Yellowstone grizzly bears to lose Endangered Species protection

SALMON, Idaho (Reuters) - Grizzly bears in and around Yellowstone National Park will be stripped of Endangered Species Act safeguards this summer, U.S. Interior Secretary Ryan Zinke announced on Thursday in a move conservation groups vowed to challenge in court.

FILE PHOTO - A grizzly bear roams through the Hayden Valley in Yellowstone National Park in Wyoming, U.S. on May 18, 2014. REUTERS/Jim Urquhart/File Photo

Dropping federal protection of Yellowstone’s grizzlies, formally proposed in March 2016 under the Obama administration, was based on the agency’s findings that the bears’ numbers have rebounded sufficiently in recent decades.

The estimated tally of grizzlies in the greater Yellowstone region, encompassing parts of Wyoming, Montana and Idaho, has grown to roughly 700 today, up from as few as 136 bears in 1975 when they were formally listed as a threatened species through the lower 48 states.

At that time, the grizzly had been hunted, trapped and poisoned to near extinction. Its current population well exceeds the government’s minimum recovery goal of 500 animals in the region.

Lifting the bears’ protected status will open them to trophy hunting outside the boundaries of Yellowstone park as grizzly oversight is turned over to state wildlife managers in Wyoming, Montana and Idaho.

Ranchers, who make up a powerful political constituency in Western states, have strongly advocated delisting grizzlies, arguing the bears’ growing numbers pose a threat to humans and livestock. Agitation for state management of grizzlies has also come from hunters, who highly prize them as trophy animals.

Environmentalists say that while grizzlies have made a comeback, their recovery could falter without federal safeguards. They point to the fact that a key food source for the bears, whitebark pine nuts, may be on the decline from climate change.

“The grizzly fight is on. We’ll stop any attempt to delist Yellowstone’s grizzlies,” the Oregon-based Western Environmental Law Center said in a Twitter post.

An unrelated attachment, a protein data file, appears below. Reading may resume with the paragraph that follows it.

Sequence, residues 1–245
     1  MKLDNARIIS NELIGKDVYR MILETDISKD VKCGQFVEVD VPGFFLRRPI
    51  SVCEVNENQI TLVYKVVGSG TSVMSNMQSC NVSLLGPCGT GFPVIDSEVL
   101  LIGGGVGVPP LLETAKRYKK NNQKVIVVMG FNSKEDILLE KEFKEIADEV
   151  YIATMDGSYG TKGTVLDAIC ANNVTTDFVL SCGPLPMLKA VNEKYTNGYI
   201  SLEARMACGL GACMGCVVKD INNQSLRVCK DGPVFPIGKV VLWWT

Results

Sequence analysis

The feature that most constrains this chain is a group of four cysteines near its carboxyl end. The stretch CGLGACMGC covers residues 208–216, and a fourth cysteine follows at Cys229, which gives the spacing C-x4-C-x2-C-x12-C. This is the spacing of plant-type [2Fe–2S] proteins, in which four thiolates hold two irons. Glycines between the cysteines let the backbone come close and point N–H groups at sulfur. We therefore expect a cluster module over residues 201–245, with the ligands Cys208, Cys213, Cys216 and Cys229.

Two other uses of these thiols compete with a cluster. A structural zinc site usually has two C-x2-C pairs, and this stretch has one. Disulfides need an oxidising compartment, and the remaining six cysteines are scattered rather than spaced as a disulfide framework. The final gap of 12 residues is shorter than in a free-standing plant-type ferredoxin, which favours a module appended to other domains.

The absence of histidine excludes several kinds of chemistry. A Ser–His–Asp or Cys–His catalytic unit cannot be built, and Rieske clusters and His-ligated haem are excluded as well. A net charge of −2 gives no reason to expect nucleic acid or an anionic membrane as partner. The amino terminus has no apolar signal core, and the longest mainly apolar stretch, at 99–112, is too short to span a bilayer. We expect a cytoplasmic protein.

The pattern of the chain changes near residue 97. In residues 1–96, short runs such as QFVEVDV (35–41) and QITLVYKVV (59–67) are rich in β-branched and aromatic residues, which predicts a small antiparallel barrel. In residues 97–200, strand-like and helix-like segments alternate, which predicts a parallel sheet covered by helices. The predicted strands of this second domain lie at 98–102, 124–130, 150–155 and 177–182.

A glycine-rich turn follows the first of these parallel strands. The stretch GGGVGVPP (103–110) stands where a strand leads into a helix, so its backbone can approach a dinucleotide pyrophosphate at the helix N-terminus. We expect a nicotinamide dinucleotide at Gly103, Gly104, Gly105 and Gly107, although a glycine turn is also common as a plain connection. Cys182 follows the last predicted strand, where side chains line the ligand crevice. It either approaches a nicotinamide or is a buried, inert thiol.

“We anticipate going to court to challenge this premature, deeply concerning decision,” said Bethany Cotton, wildlife program director for the conservation group WildEarth Guardians.

Native American tribes, which revere the grizzly, also have opposed stripping the bear of federal protection.

Zinke, a former Montana congressman, said the final delisting rule by the U.S. Fish and Wildlife Service will be published “in coming days” and go into effect 30 days later.

He hailed the move as marking “one of America’s great conservation successes.”

Population studies show grizzly bears have more than doubled their range since the mid-1970s, occupying more than 22,500 square miles (58,275 sq km) of the Yellowstone ecosystem, according to the Fish and Wildlife Service. That area is larger than the land mass of New Hampshire, Massachusetts and Rhode Island, combined, the agency said.

Despite those gains, the grizzly is found in only about 2 percent of its original range in the lower 48 states.

For the Yellowstone region, the scope and quality of bear habitat, regulatory mechanisms developed over the years and the existing balance of male and female bears should allow the states to maintain a viable, long-term grizzly population number in the high-600s to low-700s, agency officials said in March when delisting was proposed.

Yelowstone’s grizzlies were briefly removed from protected status in 2007 but were re-listed after environmentalists sued, asserting the government had failed to account for such factors as climate change.

A joint federal-state committee of wildlife manager recommended de-listing again in 2012.

The rule will not affect four other smaller federally protected grizzly populations in parts of Montana, Idaho and Washington state. A much larger population in Alaska remains unlisted.

Reporting by Laura Zuckerman in Salmon, Idaho; Additional reporting by Steve Gorman in Los Angeles; Editing by Lisa Shumaker and Sandra Maler